Mission San Pedro y San Pablo de Bicuñer
|Location||Imperial County, California, near Yuma, Arizona|
|Name as founded||La Misión de San Pedro y San Pablo de Bicuñer|
|English translation||The Mission of Saint Peter and Saint Paul of Bicuñer|
|Patron||The Apostles Saint Peter and Saint Paul|
|Founding date||January 7, 1781|
|Founding priest(s)||Father Francisco Garcés |
The settlement, located about ten miles northeast of Yuma Crossing, was not part of the California mission chain, but was administered as a part of the Arizona missions. The Mission site and nearby pueblo was inadequately supported, and Spanish colonists seized the best lands, destroyed the Indians' crops, and generally ignored the rights of the local natives. 
In retaliation, the Quechan (Yuma) Indians and their allies attacked and destroyed the installation and the neighboring Mission Puerto de Purísima Concepción during a three-day period, from July 17–19, 1781. Some 50 Spaniards, including Father Garcés (along with three other friars and Captain Fernando Rivera y Moncada) were killed, and the women and children taken captive. The natives' victory closed this crossing and seriously crippled future communications between Las Californias and New Spain-Mexico.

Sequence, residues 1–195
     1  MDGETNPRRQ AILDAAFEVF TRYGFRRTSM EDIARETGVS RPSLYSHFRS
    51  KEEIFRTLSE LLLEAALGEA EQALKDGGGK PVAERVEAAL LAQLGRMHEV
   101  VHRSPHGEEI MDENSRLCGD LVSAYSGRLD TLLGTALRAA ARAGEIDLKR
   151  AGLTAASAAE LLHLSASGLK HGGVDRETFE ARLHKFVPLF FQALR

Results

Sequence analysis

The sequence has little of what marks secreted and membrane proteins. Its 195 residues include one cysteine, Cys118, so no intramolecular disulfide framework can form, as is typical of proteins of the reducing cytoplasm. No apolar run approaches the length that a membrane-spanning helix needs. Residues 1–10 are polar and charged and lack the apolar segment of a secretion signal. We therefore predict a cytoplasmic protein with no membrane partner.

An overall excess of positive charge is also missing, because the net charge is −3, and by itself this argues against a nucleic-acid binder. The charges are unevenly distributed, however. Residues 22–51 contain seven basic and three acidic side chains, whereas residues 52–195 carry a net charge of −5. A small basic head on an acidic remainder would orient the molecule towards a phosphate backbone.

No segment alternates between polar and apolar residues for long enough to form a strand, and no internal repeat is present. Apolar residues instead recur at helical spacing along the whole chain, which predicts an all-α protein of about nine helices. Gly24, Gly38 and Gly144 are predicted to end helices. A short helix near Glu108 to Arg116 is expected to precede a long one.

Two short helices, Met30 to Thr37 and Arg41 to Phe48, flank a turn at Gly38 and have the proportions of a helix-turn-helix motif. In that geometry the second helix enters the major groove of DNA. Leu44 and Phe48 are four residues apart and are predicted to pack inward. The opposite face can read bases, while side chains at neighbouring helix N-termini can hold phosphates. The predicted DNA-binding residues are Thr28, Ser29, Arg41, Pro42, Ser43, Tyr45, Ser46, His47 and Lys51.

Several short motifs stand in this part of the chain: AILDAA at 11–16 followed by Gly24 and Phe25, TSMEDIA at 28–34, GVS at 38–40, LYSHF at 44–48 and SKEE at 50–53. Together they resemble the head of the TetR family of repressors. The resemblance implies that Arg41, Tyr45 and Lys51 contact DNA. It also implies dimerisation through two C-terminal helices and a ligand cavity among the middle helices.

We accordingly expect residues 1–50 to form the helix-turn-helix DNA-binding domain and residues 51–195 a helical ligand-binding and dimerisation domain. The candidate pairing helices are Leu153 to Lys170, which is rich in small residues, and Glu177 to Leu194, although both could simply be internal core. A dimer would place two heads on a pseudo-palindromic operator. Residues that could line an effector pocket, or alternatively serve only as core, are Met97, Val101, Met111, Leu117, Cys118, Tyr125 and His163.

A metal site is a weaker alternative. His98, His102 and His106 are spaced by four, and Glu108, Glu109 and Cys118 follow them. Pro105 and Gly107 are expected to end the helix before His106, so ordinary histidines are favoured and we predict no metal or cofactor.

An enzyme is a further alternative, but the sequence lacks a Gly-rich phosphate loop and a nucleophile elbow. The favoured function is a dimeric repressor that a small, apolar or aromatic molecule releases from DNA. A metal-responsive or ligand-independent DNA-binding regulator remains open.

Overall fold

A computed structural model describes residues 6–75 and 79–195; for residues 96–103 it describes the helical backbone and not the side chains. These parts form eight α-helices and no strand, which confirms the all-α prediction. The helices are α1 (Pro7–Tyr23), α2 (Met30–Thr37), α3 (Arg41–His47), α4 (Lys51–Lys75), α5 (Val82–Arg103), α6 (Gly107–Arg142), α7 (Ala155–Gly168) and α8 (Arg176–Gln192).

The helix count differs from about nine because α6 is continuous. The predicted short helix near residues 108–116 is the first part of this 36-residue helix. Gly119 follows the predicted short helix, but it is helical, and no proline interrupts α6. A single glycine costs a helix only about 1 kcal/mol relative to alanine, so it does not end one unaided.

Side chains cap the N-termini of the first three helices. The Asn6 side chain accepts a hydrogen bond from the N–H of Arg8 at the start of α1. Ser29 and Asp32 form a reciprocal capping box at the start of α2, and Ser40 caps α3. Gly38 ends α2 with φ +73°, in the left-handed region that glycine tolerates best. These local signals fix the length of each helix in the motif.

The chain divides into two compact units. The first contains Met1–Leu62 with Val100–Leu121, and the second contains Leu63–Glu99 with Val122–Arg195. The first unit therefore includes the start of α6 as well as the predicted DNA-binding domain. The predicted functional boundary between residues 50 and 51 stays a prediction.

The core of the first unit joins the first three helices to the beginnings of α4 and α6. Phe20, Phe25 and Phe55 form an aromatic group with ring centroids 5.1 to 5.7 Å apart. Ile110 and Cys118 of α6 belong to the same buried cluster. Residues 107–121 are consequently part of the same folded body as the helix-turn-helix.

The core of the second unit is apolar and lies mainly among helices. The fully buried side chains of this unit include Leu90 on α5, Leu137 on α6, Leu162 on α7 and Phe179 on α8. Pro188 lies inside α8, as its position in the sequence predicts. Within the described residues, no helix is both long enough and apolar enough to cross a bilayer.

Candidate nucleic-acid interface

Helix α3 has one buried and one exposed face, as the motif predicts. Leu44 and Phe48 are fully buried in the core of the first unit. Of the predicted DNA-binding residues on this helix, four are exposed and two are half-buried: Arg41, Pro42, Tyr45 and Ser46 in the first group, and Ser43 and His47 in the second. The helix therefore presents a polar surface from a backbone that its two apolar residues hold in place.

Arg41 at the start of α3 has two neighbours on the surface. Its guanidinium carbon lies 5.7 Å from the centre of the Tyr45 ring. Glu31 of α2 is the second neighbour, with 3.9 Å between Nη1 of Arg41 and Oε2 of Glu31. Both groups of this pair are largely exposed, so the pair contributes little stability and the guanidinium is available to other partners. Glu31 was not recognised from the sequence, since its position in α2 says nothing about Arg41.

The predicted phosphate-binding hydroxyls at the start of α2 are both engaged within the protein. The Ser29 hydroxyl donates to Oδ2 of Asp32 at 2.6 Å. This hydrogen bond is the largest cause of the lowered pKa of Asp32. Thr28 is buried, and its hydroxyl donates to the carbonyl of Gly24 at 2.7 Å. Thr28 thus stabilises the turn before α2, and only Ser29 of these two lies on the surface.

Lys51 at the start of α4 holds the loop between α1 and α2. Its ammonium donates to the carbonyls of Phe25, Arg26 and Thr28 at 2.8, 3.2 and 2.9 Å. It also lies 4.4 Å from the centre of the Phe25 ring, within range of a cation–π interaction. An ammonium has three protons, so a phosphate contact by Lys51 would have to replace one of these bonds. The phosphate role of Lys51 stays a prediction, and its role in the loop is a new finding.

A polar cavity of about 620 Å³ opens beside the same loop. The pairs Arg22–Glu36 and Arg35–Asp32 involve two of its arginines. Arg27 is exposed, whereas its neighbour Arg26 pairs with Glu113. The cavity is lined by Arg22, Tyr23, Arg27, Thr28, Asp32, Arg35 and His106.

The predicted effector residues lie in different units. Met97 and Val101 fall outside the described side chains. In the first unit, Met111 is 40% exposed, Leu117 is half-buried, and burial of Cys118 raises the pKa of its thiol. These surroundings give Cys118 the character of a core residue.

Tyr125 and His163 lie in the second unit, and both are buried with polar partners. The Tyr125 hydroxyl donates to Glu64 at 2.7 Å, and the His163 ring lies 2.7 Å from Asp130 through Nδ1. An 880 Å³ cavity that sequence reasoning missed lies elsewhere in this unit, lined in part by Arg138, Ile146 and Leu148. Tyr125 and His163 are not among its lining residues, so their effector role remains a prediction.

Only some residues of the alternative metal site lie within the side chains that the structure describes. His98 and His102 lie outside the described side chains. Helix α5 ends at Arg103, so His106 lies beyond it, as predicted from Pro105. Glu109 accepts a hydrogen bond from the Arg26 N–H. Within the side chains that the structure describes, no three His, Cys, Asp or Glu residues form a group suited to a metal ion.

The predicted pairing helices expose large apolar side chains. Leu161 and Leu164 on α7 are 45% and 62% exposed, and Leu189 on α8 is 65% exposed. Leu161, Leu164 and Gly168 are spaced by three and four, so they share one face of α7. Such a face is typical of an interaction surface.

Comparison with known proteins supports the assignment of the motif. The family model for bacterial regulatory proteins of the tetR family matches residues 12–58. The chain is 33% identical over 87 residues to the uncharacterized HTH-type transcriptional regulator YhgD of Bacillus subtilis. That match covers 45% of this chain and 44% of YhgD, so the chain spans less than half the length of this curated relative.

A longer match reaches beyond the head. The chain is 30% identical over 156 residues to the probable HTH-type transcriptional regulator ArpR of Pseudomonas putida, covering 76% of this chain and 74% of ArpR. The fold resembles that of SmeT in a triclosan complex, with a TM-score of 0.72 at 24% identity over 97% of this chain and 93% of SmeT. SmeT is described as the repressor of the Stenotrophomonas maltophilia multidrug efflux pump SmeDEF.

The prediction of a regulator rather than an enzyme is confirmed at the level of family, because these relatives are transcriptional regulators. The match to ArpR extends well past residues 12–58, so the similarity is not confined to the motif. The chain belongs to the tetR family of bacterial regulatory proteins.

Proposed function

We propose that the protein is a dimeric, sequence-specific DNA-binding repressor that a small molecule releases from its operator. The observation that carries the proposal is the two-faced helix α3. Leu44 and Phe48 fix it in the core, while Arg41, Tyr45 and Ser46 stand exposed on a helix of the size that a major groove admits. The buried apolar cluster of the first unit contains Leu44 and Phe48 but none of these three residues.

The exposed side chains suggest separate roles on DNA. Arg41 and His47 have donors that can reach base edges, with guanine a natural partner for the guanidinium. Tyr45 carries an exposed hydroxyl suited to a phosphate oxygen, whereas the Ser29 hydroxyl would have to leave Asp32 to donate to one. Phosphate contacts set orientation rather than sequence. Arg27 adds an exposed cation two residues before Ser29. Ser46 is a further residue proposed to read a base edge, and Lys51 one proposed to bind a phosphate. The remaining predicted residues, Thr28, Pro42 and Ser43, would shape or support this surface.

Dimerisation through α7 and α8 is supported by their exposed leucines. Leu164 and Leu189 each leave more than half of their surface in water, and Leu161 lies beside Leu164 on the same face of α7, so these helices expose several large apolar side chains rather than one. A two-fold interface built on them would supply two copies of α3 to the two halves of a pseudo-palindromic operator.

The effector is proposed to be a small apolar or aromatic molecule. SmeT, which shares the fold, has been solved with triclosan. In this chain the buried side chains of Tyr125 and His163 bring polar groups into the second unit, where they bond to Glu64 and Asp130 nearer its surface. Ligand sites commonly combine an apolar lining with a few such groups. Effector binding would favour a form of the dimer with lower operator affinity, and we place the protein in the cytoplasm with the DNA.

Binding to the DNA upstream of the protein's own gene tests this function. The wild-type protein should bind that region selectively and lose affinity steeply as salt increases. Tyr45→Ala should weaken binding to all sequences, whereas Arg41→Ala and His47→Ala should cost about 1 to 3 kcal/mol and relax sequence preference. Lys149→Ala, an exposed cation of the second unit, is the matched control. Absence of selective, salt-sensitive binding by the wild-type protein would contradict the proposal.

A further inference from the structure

Today, only a historical marker identifies the site. The marker is on Imperial County Road 524, 0.2 mi W of intersection of Levee and Mehring Roads, 4.4 mi NE of Bard, California.
- R. Douglas Hurt, 2002, The Indian frontier, 1763-1846, UNM Press, ISBN 0-8263-1966-1. Google Books excerpt
- Missions of the Colorado River
- Discovery of California
- Virtual Tour of California Missions
- California State Landmark number 921 plaque
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